Myths of Planned Parenthood

I’m sure most of the country has noticed at least a little bit of the hype surrounding Planned Parenthood (PP). I posted about them a little over a week ago about threats from the federal level towards a state that de-funded their PP.

Why should PP be de-funded? There are two main reasons. PP has cheated on the government multiple times, over-charging it for mislabeled services in order to get more money. As some undercover videos have shown, they also are willing to aid and abet sex traffickers and men taking advantage of underage girls, instead of reporting it like they’re supposed to. It doesn’t make sense for us to fund a company that breaks laws. The second reason is that they perform abortions. They’re the largest abortion provider in the US. PP has created several “reasons” why de-funding them is ludicrous. (I have yet to hear PP addressing the monetary fraud issue.)
Myth #1: “Only 3% of our business is abortions.”
PP has created its own twisted way to count their services that would be viewed as completely ridiculous if another business did it. An excellent article from Live Action gave an example of this. Paraphrasing, there is a company that makes airplanes, but also makes spare parts for airplanes, some of those parts costing as little as $0.25. Selling airplanes is the company’s main business, profit-wise. About 99% of their business is airplanes, and 1% is all the spare parts. This is how the normal business world operates. However, this company sells many more little parts than airplanes. So, PP style, 99% of their business is little spare parts, and 1% is selling airplanes. One spare part = one airplane, which, frankly, is ridiculous. Their business doesn’t revolve around spare parts. It revolves around airplanes.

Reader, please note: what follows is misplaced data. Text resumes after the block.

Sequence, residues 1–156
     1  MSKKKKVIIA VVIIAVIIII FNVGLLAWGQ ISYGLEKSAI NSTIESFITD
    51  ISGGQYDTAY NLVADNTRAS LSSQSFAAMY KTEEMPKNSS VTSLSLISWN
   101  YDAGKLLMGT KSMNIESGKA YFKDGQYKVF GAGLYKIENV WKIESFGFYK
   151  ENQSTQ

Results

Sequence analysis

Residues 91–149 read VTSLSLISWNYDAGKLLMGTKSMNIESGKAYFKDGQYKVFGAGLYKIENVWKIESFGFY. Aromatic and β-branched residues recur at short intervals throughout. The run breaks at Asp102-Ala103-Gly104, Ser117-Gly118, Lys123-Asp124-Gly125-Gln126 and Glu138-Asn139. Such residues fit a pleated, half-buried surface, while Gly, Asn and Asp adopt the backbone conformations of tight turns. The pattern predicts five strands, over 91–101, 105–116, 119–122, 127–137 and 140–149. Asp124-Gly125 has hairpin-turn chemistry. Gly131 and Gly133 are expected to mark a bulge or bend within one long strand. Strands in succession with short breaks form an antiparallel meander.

So in PP, one box of contraceptive pills = one abortion, which is also ridiculous. Looking at it profit-wise from PP’s own report (I’m aware this report is an old one, my apologies, the new one doesn’t include profits, but the percentages are roughly the same), abortion is actually 36% of their business. This is a far cry from 3%.
Myth #2: “None of the taxpayer/government money is used for abortions.”
This argument has never made sense to me. Glenn Beck gave a good example of this strange way of thinking. Again paraphrasing, let’s say there’s a business that does torture. Naturally, nobody likes torture. “Don’t worry!” the business says, “We won’t use your money to fund the actual torture.” Okay, great. Instead your money goes to pay for the lighting, the floors, the cleaning supplies, the exam tables. Now, are you helping fund torture or not? PP will simply use your money instead of their own money to pay for less massive things, and use their own money, which you saved them, to pay for the abortions. It’s all the same thing.
Myth #3: “Women will lose life-saving services if you de-fund us.”